A believer’s unregenerate self – “our old man”. The Greek word for “old” does not refer to something old in years but to something that is worn out and useless. Paul uses the term “body” and “flesh” to refer to sinful propensities that are intertwined with physical weaknesses and pleasures. But the term “flesh” is not equivalent to the physical body, which can be an instrument of holiness.
Commentary from the MacArthur study Bible, notes for Romans 6:6.
Adam’s sin brought universal death – exactly opposite the result he expected and Satan had promised: “You will be like God” (Genesis 3:5). Christ’s sacrifice brought salvation to those who believe Him. Unlike Adam’s act, Christ’s act has – and will – accomplish exactly what He intended (Philippians 1:6), i.e., spiritual life (Ephesians 2:5).
Commentary from the MacArthur study Bible, notes for Romans 5:17.
The Law was not meant as a means to self-righteousness, but a means to self-condemnation, pointing man to his sin, leading to conviction, repentance, and pleading to God for mercy.
Commentary from notes for 1 Timothy 1:9, the MacArthur study Bible.
False doctrine – anything claiming to be the truth that is in fact a lie.
False teachers typically claim to have the superior knowledge (as in gnosticism). They claim to know the transcendent secrets, but actually are ignorant and infantile in their understanding.
Paul identifies 3 characteristics of false teachers: 1) they “teach otherwise” – a different doctrine, or any teaching that contradicts God’s revelation in Scripture; 2) they do “not consent to wholesome words” – they do not agree with sound, healthy teaching, specifically the teaching contained in Scripture; and 3) they reject “doctrine which accords with godliness” – teaching not based on Scripture will always result in an unholy life. Instead of godliness, false teachers will be marked by sin.
Commentary from the MacArthur Study Bible, notes for 1 Timothy 6:3, 6:20.
The greatest tragedy that can befall someone is to think he’s saved, only to discover after death that he isn’t. We’d all like to believe the claims of those who say they’re Christians, but Jesus gives a harsh warning because He knows many will be deceived. They will sit in churches week after week, professing that Jesus is the Son of God, but won’t ever really enter into a personal relationship with Him.
Intellectual faith isn’t the same as saving faith. It’s not enough to know facts about Jesus or to believe He died and rose again. Even demons believe that (James 2:19). Salvation involves more than mere knowing. It requires trusting that Jesus Christ paid the penalty for your sin, receiving His forgiveness, turning away from old sinful ways, and entering into a relationship with Him. What matters is not what we say with our mouth, but what we believe in our heart.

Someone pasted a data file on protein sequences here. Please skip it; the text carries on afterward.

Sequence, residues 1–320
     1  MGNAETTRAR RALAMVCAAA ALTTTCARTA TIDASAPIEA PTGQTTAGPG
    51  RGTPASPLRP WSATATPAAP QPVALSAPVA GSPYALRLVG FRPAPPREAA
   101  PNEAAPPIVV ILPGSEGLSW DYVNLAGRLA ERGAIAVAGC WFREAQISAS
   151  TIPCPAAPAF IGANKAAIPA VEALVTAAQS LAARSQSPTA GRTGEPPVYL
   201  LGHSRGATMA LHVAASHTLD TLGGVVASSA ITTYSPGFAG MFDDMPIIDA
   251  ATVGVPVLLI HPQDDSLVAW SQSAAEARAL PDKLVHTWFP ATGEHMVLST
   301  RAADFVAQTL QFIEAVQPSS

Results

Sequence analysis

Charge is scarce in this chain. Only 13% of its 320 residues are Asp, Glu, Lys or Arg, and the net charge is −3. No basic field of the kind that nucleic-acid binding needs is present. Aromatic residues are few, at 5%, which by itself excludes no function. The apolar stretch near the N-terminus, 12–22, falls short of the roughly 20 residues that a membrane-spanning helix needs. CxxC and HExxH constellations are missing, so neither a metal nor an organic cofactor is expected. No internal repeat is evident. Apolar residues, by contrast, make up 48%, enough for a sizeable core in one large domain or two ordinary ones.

Although you probably won’t understand all that happens at the moment of salvation, when Christ becomes your Savior, He also becomes your Lord. As the Master of your life, He then has the right to govern what you do. His Holy Spirit takes up residence within you when you are saved, and that means you will change – God’s Spirit continually works to remove sinful attitudes and behaviors, replacing them with His spiritual fruit (Galatians 5:22-23).
We recognize a person’s salvation not by his profession but by fruit. If you are truly saved, your character will become more Christlike over time, and your desire will be to obey the Lord. This does not mean you’ll never sin or stumble, but overall, your life will be characterized by obedience.
Commentary from Charles Stanley’s In Touch devotional, December 18, 2017.
In God’s eyes, anyone who sins is rebellious, and Scripture tells us we’re all guilty (Romans 3:23). Now, it makes sense that an unbeliever would choose to act apart from biblical teaching. But what about those of us who have committed to follow Christ – what would cause us to stray from the will of our heavenly Father?
There are two powerful human tendencies that lead to disobedience: doubt and pride. Both can be dangerously misleading.
- Doubt is a mental struggle over whether or not to believe God’s promises. From our limited perspective, we cannot understand how the Lord works. Sometimes His way does not feel like the right path, so in order to obey, we must step out in faith. Then it can feel as though we are jumping off a cliff and trusting God’s invisible rope to hold us. If we listen to our doubt, we will surely transgress.
- Pride is the sin that caused Satan to fall from heaven, and it is a deceptive obstacle for believers as well. Pride has to do with thinking that our way is best, putting more faith in our ability than God’s promises, and desiring praise. Anything we do out of pride is rebellion against the Lord.
Whatever the cause, sin never leads to the Lord’s best for our life. God’s way is the only road resulting in fulfillment and peace.
The enemy wants to lure us with doubt and pride – both feel right and are easily justifiable from our human perspective. But believers should follow Joshua’s wisdom instead: “Choose for yourselves today whom you will serve…but as for me and my house, we will serve the Lord” (Joshua 24:15).
Commentary from Charles Stanley’s In Touch devotional, November 21, 2017.
Sinners who seek forgiveness will be accepted into God’s kingdom, while those who think they’re too good to sin will not be accepted.
Commentary from The One Year NIV Devotional NT, May 31. Tyndale House Publishers. (2003)